In Stevens v. Rite Aid Corp., 2017 U.S. App. LEXIS 4985 (2d Cir. Mar. 21, 2017), the Second Circuit Court of Appeals ruled that Rite Aid did not violate the Americans with Disabilities Act (“ADA”) when it refused to accommodate, and ultimately terminated, a pharmacist who had requested not to administer injections due to a fear of needles.

In 2011, Rite Aid started requiring its pharmacists to perform immunizations. In fact, Rite Aid even revised its job description to require pharmacists to hold a valid immunization certificate and included a reference to immunizations in the list of “essential duties and responsibilities” for pharmacists.

Plaintiff, a pharmacist with a fear of needles (trypanophobia), obtained a note from his treating physician stating that he is “needle phobic and cannot administer immunization by injection.” Plaintiff further explained that his trypanophobia causes him to experience “lightheadedness, paleness, and a feeling that I may faint” and that, as a result he “would never even consider trying to become an immunizing pharmacist.” By doing this, Plaintiff was requesting that Rite Aid provide him with a reasonable accommodation for his disability (trypanophobia) under ADA.

In response, Rite Aid told Plaintiff that the ADA did not apply to trypanophobia, that Rite Aid was not required to accommodate him, and that Plaintiff would lose his job unless he successfully completed immunization training. Ultimately, Rite Aid terminated Plaintiff’s employment for refusing to perform immunizations, which it alleged was an essential function of his job. An employee is not qualified for protection under the ADA if he is unable to perform his job’s essential functions, with or without a reasonable accommodation.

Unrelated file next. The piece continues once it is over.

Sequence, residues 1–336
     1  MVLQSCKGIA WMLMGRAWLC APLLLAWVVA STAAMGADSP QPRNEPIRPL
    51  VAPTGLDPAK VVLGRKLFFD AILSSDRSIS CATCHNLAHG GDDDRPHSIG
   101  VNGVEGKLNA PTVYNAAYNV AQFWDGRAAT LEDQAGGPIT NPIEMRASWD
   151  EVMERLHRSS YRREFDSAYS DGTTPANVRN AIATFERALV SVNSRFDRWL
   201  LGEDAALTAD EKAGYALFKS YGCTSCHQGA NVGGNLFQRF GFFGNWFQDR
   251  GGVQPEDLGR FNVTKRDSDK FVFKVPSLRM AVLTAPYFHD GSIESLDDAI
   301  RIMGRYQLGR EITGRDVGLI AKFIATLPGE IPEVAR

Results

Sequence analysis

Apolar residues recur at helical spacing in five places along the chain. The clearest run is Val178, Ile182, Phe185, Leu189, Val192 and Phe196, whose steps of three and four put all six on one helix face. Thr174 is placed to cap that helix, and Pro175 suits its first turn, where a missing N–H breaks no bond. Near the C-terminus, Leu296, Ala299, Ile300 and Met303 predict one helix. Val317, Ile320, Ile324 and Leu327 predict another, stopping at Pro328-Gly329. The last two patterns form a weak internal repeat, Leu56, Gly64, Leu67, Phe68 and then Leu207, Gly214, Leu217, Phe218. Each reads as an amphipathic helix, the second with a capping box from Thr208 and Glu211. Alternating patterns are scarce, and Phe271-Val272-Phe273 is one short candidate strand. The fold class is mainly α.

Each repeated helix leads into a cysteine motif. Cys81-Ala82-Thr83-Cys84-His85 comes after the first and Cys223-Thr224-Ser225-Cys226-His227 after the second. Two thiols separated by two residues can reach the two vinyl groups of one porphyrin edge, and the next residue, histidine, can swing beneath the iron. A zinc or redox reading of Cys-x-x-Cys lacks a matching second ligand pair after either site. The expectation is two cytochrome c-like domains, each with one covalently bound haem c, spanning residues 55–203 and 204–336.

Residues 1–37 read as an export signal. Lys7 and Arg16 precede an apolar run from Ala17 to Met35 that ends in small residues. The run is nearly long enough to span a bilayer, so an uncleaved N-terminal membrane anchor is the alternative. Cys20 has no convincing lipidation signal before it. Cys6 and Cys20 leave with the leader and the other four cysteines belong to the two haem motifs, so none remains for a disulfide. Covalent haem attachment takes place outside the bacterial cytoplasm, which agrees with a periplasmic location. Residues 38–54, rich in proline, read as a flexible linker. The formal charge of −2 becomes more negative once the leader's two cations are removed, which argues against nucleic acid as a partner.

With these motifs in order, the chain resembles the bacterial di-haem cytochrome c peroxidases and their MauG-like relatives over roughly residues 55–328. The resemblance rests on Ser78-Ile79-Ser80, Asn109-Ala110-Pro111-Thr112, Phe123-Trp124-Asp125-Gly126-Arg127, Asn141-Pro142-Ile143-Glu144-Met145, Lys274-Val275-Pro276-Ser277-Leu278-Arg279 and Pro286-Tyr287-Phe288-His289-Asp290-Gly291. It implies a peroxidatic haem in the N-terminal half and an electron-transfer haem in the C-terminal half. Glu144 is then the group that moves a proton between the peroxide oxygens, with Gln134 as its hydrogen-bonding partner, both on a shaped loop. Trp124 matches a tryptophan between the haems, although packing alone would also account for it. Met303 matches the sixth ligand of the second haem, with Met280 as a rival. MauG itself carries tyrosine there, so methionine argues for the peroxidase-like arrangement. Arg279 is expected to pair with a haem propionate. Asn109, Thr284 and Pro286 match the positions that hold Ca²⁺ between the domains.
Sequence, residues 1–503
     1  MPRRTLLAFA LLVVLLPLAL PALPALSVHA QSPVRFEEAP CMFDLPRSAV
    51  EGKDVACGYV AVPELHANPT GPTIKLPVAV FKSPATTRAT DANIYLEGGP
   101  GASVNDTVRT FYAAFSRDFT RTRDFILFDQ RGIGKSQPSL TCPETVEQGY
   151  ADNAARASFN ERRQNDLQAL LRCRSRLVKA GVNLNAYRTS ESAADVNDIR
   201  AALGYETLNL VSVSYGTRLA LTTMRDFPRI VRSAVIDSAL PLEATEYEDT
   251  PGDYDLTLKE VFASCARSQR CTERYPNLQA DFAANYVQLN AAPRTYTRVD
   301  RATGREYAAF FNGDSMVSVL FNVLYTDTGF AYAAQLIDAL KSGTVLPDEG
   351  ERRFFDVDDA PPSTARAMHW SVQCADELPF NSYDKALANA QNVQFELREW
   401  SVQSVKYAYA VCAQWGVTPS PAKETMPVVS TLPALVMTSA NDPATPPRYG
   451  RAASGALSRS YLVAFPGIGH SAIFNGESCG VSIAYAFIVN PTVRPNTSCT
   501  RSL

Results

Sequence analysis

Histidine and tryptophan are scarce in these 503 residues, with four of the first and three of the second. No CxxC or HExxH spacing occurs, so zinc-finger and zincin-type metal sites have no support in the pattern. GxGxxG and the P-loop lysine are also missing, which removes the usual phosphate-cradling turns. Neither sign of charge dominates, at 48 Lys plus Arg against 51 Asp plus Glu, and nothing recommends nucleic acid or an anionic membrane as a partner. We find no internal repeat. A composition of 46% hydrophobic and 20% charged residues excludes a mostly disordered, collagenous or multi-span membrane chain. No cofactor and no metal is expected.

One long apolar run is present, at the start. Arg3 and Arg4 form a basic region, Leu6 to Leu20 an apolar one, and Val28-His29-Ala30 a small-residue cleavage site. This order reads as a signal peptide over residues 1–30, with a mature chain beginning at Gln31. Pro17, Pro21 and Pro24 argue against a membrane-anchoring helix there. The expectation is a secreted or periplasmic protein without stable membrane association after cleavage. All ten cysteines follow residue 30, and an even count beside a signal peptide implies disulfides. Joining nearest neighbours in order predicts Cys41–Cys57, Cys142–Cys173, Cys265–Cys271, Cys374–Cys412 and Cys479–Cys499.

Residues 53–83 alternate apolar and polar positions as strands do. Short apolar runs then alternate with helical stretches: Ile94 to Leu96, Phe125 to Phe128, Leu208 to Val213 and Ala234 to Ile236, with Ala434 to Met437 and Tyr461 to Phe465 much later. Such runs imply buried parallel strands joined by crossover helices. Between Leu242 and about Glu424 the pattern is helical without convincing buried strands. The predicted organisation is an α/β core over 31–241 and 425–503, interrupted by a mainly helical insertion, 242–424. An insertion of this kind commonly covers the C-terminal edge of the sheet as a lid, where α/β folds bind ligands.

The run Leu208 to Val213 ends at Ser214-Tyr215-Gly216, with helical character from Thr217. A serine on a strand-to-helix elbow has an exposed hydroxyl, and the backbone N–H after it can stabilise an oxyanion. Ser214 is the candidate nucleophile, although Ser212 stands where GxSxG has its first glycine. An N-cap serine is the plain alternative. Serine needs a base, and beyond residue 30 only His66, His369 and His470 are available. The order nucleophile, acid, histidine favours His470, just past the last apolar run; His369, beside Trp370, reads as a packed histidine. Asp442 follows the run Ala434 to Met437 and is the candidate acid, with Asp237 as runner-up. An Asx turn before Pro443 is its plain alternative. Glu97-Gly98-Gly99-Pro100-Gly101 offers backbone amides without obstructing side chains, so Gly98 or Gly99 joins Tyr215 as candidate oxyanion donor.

After Plaintiff prevailed at trial, Rite Aid appealed the judgment to the Second Circuit Court of Appeals, which agreed with Rite Aid and held that the evidence “compels a finding that immunization injections were an essential job requirement for Rite Aid pharmacists at the time of [Plaintiff]’s termination.” Rite Aid’s in-house counsel even testified that Rite Aid terminated another pharmacist with needle phobia because, like Plaintiff, “he failed to undergo Rite Aid’s immunization training program, further demonstrating that the company deemed administering immunizations to be an essential function of its pharmacists.”

In addition, the Second Circuit found that Plaintiff failed to show that a reasonable accommodation even existed that would have enabled Plaintiff to perform the essential function of giving injections. The court further found that Rite Aid was not required to eliminate this essential function from Plaintiff’s position, nor was it required to force other employees to do it instead of Plaintiff.

According to the Second Circuit, “[i]t is understandable that the jury had sympathy for [Plaintiff], afflicted as he was with an unusual phobia. Nevertheless, his inability to perform an essential function of his job as a pharmacist is the only reasonable conclusion that could be drawn from the evidence.”

If you are a disabled employee and your employer recently denied your request for a reasonable accommodation, it’s important that you immediately consult with a New York City employment attorney to learn about, and preserve, all your legal rights.

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